DEC autoguider settings

With the guider on, all the 4 minute subs I managed had pinpoint stars, despite some wind blowing about during that night (which would have ruined all unguided exposures).

In the end, I decided to test how well the guider could do with my CGEM. I did 2 shots at ISO 400 8 minutes and 1 shot at ISO 400 20 minutes. The 100% cropped images are below. As you can see, the 8 minute sub has nice and round stars, and the Cigar galaxy is just visible.

Cigar galaxy M82 at ISO 400 8 minutes - pinpoint stars
Cigar galaxy M82 at ISO 400 8 minutes – pinpoint stars

With the 20 minute sub, there is a slight oval appearance to the stars now, but the Cigar galaxy details are becoming more visible.

Cigar galaxy M82 - ISO 400 20 minute sub
Cigar galaxy M82 – ISO 400 20 minute sub

The image below also shows the stars from the 20 minute sub, which is egg-shaped. To counter this, I think I should have set the declination guiding back on but using many more frames in between adjustments.

Stars of the 20 minute sub
Stars of the 20 minute sub

Anyway, here are the guided images stacked in Deep Sky Stacker 3.3.4. I used about 25 light frames for the Cigar Galaxy, most 4 minute subs at ISO 3200 and 6400, with a few at ISO 400 (8 and 20 min subs) and 1600.

Cigar Galaxy M82 (over 2 hours subs stacked in DSS)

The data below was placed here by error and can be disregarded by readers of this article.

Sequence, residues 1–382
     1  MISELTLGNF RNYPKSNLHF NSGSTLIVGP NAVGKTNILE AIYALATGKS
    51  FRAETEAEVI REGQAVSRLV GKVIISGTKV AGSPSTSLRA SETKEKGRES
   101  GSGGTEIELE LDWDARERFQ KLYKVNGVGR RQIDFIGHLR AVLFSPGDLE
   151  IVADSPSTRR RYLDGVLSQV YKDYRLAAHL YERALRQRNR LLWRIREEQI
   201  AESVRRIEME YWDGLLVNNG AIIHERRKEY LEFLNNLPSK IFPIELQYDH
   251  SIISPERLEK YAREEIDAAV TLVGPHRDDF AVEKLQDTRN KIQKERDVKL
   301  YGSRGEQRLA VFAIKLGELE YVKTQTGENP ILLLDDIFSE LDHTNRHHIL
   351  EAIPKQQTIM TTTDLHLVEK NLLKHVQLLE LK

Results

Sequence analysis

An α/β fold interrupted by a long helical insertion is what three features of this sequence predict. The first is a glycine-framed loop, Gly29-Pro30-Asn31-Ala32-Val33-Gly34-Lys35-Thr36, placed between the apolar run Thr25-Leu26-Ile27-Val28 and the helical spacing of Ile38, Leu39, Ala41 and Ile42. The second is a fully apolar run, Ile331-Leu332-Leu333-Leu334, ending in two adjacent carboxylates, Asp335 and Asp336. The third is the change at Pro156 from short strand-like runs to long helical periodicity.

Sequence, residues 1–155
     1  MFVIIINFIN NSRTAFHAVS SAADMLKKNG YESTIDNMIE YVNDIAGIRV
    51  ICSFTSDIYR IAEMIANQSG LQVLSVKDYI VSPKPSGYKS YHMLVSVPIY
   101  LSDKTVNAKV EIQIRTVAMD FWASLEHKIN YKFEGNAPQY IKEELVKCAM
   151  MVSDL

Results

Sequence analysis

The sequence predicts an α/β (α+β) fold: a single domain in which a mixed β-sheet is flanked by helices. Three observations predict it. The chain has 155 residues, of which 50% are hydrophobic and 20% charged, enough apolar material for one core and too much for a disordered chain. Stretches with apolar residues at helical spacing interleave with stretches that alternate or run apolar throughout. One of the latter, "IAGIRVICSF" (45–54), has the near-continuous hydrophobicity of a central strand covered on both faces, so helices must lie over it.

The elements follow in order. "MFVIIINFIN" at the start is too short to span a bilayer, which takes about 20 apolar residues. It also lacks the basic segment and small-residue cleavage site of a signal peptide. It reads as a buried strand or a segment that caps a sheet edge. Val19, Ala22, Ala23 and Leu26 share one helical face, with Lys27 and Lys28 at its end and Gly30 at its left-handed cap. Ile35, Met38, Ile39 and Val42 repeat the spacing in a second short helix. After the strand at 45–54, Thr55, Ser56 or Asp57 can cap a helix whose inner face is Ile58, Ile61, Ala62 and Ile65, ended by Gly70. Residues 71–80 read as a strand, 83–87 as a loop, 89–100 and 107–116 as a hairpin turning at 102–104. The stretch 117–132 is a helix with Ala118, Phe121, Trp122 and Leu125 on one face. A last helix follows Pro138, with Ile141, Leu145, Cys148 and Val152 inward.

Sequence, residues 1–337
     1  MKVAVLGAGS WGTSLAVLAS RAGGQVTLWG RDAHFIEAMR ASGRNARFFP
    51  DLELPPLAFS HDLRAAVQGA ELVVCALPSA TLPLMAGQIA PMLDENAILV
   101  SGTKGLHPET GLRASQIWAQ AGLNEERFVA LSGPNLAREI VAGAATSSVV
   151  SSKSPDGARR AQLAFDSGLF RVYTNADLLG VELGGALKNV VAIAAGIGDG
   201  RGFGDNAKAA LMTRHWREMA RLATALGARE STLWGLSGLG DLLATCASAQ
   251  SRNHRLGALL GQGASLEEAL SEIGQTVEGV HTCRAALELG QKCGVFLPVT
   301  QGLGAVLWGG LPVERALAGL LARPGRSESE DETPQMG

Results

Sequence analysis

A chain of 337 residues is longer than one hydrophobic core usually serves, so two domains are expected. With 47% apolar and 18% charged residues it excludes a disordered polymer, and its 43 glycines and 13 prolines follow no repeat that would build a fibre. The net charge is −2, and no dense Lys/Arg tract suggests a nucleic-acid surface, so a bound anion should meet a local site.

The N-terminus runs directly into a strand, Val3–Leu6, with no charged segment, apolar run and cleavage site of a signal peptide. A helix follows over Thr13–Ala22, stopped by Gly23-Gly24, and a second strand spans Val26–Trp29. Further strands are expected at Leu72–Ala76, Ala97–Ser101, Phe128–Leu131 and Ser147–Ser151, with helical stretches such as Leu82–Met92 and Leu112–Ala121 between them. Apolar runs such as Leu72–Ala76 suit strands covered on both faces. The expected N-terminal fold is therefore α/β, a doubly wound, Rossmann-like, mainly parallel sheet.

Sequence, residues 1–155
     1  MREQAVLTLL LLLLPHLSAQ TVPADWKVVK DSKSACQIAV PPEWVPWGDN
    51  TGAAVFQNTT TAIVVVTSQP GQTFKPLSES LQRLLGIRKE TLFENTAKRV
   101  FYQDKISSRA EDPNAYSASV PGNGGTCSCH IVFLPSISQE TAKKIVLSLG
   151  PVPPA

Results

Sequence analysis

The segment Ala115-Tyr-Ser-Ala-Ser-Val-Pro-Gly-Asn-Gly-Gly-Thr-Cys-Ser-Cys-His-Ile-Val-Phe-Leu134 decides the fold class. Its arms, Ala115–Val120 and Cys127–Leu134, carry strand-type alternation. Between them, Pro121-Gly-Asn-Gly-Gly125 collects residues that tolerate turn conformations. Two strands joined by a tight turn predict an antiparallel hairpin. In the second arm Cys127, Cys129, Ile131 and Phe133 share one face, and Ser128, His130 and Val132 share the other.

Cigar Galaxy M82 (over 2 hours subs stacked in DSS)
Pinwheel Galaxy M101 - 4 minute subs ISO 3200 and 6400 stacked in DSS
Pinwheel Galaxy M101 – 4 minute subs ISO 3200 and 6400 stacked in DSS

Do bear in mind that the image quality is not the best as there was significant skyglow present that night (mostly averted by my Astronomik CLS-CCD filter), and I was using high ISOs. In future, I will use longer subs and ISO 800-1600, to capture better detail with less grain in the images.

But I am pleased that I have finally cracked the guiding thing. BTW, it is not easy guiding using an off-axis guider on a 1600mm F8 telescope (as the guiding is at 15,500mm effective focal length), and number of stars visible are much less. I used the Orion thin off-axis guider for the guider, and will review this when I have the time.

At this focal length, it was actually possible to visualise the minute drift in declination in my system (DEC guiding disabled). While I was doing the periodic error correction training the other day, which took over 48 minutes to complete, I was able to see the star drifting down in declination on the hand controller screen a couple of pixels.

During one of my recent nights while imaging, I decided at the end of the session (due to my camera battery running out), to sit there and view an RA guided star towards the east in the guider liveview screen and adjust the declination. This is definitely a very sensitive way of detecting drift, as it will detect it at a subpixel level. And I managed to adjust it such that the star remained solidly in place with no shift in RA or declination for a good 20 minutes. I don’t think I need to worry about drift in declination anymore for 20 minute subs.


With the correct settings, the Lacerta MGEN auto guider will allow your guiding to be spot on even for exposures at least as long as 8 minutes. You just need to find the right settings for your setup and conditions. I am very pleased with it now actually, as it is doing much better than what I could before. There will be many more astro images to follow.